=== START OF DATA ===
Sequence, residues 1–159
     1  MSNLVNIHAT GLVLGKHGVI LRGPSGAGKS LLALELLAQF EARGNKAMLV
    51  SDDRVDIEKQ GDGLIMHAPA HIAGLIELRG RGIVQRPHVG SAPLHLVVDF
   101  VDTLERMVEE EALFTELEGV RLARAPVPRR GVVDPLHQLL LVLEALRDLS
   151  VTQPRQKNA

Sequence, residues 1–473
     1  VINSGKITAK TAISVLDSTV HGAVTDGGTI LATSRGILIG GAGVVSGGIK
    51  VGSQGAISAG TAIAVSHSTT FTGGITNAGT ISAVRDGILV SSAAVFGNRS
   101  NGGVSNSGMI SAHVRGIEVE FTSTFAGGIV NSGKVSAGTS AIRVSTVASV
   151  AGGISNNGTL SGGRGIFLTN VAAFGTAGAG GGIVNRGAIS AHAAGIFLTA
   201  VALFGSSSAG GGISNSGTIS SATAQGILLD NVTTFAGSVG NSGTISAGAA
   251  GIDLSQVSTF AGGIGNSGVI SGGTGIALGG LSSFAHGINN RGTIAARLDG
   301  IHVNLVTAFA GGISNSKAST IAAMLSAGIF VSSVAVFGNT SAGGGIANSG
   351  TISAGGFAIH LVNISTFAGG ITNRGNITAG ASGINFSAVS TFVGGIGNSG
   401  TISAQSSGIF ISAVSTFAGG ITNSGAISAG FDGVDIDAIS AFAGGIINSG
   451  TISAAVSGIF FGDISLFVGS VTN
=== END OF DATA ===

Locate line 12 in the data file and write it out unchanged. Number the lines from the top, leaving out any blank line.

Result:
   251  GIDLSQVSTF AGGIGNSGVI SGGTGIALGG LSSFAHGINN RGTIAARLDG